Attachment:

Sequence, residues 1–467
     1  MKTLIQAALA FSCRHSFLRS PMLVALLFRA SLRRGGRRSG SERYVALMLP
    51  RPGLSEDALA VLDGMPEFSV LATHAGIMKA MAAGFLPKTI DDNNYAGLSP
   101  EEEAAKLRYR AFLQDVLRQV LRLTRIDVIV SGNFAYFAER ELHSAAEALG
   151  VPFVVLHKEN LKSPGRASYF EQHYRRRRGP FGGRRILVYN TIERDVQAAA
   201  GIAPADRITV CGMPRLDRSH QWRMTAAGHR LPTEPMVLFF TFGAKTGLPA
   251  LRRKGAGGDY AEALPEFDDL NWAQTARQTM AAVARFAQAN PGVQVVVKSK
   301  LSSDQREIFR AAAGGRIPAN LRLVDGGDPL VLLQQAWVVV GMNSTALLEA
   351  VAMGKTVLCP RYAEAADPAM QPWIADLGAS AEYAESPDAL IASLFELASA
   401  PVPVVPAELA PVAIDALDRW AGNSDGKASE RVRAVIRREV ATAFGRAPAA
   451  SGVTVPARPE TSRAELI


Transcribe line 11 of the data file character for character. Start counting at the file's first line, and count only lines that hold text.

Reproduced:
   451  SGVTVPARPE TSRAELI